Another key factor in how experts measure a city getting to Vision Zero is through designing streets that are safer for pedestrians and cyclists. And the city has made thousands of small changes in the past eight years, including changing the timers at stop lights so pedestrians can get a head start and creating pedestrian islands at busy intersections that ideally force vehicles to slow down. The city has also implemented “daylighting” at many streets, which moves parked cars a few feet away from intersections so people crossing the street can see traffic coming more easily. The number of protected bike lanes around the city has also expanded under de Blasio.
Nowhere was redesign deployed to greater effect than along Queens Boulevard, once dubbed “the boulevard of death” for the nearly 200 deaths since 1990 along the 7-mile stretch between Roosevelt Avenue and Union Turnpike. It took nearly de Blasio’s entire two terms to complete its $100 million improvement plan, that included more crosswalks and expanded medians, with the last project – the bike lane – held up by local opposition, and a political fight. The DOT reported this year that there was a 24% decrease in the number of pedestrian fatalities and injuries along that route.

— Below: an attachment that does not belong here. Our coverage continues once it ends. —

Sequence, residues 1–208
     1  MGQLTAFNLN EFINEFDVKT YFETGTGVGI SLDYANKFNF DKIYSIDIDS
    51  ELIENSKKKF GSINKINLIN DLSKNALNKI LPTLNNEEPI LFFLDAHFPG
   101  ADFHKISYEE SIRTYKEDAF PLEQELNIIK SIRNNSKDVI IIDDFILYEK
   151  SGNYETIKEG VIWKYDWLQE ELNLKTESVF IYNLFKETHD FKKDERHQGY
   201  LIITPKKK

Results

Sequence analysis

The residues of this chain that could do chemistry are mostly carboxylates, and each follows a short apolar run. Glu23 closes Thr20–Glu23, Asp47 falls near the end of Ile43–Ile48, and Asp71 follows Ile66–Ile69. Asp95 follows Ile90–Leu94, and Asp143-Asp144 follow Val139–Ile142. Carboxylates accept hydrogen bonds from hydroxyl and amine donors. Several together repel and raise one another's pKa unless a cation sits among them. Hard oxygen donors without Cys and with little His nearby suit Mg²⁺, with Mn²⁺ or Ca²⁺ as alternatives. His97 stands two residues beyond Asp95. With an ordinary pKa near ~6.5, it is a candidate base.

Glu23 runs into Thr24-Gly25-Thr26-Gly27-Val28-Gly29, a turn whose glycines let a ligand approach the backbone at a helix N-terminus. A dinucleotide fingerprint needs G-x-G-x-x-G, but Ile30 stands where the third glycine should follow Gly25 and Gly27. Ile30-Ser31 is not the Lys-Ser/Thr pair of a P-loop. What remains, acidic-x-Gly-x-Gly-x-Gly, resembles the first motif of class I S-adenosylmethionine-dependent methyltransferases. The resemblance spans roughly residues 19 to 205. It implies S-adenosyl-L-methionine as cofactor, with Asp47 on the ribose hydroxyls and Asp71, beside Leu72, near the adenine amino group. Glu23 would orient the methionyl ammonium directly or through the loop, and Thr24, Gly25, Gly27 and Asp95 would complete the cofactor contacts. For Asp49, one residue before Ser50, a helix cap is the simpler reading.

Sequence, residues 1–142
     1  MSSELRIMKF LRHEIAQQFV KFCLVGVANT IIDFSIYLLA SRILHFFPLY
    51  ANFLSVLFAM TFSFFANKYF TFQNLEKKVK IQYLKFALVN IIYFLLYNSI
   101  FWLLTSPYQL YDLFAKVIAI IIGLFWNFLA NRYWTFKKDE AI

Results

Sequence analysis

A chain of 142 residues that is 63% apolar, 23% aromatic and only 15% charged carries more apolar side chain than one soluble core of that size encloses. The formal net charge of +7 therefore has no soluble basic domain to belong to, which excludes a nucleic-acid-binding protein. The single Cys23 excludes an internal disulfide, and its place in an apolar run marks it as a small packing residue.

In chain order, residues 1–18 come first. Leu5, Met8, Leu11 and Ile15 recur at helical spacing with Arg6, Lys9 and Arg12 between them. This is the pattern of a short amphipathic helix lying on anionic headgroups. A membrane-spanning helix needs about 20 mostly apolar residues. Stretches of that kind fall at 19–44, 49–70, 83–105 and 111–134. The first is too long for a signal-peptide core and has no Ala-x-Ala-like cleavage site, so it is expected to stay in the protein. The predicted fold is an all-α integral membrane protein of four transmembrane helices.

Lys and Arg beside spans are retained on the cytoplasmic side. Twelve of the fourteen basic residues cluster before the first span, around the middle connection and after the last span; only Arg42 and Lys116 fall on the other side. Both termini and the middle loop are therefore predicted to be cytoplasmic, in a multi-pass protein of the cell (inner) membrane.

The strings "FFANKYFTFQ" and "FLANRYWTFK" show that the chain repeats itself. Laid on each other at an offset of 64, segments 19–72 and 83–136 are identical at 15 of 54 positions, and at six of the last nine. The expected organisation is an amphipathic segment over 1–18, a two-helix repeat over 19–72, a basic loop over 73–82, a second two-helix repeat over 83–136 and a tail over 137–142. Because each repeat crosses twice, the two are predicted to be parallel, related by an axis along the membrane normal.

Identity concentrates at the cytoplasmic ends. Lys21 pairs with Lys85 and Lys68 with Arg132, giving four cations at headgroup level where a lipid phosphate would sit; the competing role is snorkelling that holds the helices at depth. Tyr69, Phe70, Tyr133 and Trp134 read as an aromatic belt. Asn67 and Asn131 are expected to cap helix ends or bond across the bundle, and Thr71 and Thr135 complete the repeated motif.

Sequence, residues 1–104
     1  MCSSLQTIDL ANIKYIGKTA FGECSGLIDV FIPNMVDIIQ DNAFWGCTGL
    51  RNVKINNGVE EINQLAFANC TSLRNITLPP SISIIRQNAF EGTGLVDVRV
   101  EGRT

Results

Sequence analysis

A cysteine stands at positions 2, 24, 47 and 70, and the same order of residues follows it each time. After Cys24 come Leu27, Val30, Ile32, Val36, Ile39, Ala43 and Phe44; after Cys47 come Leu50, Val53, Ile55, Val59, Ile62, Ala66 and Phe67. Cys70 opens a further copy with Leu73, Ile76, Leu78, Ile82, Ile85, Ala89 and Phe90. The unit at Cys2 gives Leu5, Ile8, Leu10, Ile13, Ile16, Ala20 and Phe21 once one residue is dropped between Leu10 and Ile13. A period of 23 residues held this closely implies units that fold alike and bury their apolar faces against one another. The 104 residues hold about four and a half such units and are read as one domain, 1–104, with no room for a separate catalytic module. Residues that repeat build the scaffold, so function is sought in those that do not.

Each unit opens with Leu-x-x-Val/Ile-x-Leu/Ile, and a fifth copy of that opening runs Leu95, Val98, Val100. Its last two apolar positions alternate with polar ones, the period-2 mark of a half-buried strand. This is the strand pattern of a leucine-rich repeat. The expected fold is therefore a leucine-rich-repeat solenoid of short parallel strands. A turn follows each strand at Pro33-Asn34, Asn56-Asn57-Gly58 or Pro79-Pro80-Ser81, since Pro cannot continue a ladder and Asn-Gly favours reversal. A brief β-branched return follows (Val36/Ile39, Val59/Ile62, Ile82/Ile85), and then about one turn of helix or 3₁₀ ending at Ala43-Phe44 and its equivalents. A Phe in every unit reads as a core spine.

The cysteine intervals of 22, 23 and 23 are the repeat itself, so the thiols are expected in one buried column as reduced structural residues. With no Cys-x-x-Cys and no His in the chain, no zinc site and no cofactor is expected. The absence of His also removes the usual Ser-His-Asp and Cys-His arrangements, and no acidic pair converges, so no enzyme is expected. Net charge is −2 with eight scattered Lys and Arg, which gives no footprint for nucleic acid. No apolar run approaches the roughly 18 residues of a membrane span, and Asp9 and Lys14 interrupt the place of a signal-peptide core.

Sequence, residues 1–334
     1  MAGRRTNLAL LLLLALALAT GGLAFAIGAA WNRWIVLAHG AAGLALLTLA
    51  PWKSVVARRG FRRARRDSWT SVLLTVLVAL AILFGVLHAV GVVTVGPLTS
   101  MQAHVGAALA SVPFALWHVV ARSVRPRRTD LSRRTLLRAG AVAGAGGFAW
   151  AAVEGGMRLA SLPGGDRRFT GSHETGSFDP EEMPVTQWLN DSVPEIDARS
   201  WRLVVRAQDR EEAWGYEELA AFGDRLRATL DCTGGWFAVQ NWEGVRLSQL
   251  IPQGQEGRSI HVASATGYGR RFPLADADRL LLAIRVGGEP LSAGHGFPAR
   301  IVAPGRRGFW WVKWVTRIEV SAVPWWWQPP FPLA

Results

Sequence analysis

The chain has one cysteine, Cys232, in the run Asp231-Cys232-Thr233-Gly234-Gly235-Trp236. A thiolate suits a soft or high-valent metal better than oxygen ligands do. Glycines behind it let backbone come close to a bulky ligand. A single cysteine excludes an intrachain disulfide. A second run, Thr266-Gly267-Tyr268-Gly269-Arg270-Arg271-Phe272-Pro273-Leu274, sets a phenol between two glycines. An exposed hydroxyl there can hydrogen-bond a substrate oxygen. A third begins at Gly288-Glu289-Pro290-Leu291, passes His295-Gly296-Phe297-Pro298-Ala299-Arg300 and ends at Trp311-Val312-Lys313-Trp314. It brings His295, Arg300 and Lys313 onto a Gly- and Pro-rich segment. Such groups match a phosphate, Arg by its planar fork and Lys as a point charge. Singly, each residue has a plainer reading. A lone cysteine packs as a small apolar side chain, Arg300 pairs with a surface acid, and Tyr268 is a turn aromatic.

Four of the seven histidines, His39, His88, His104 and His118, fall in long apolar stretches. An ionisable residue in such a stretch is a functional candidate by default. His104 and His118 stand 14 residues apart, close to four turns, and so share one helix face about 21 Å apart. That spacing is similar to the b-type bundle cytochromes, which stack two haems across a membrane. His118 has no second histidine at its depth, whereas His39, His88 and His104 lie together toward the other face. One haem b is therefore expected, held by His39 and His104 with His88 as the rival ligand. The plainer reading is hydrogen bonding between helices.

Mayor Bill de Blasio in 2015, announcing improvements to Queens Boulevard
The advocacy group Transportation Alternatives pushed de Blasio before he was even elected to view street safety as more than an environmental or quality of life issue, but as an issue about equity and health. Executive Director Danny Harris said the big changes on Queens Boulevard and the installation of busways that helped speed up bus times should’ve been replicated across the city.
The first busway on 14th Street in Manhattan was installed in 2019, and limits the vehicles allowed on the streets to give priority to buses. The MTA reports eastbound buses on 14th Street are traveling 22% to 47% faster than before the busway was created, saving riders nearly 10 minutes if they ride from one end of 14th Street to the other. Now, there are six more busways total in the city: Three in Queens, two in Manhattan (the other in Washington Heights) and two in downtown Brooklyn.
“Where have those projects been replicated at scale? Whether it's to save lives or to scale what's working?” Harris said. “No, we have a lot of great projects, but it's hard to look citywide and see a completely transformed streetscape where the streets are really meeting the needs of New Yorkers.”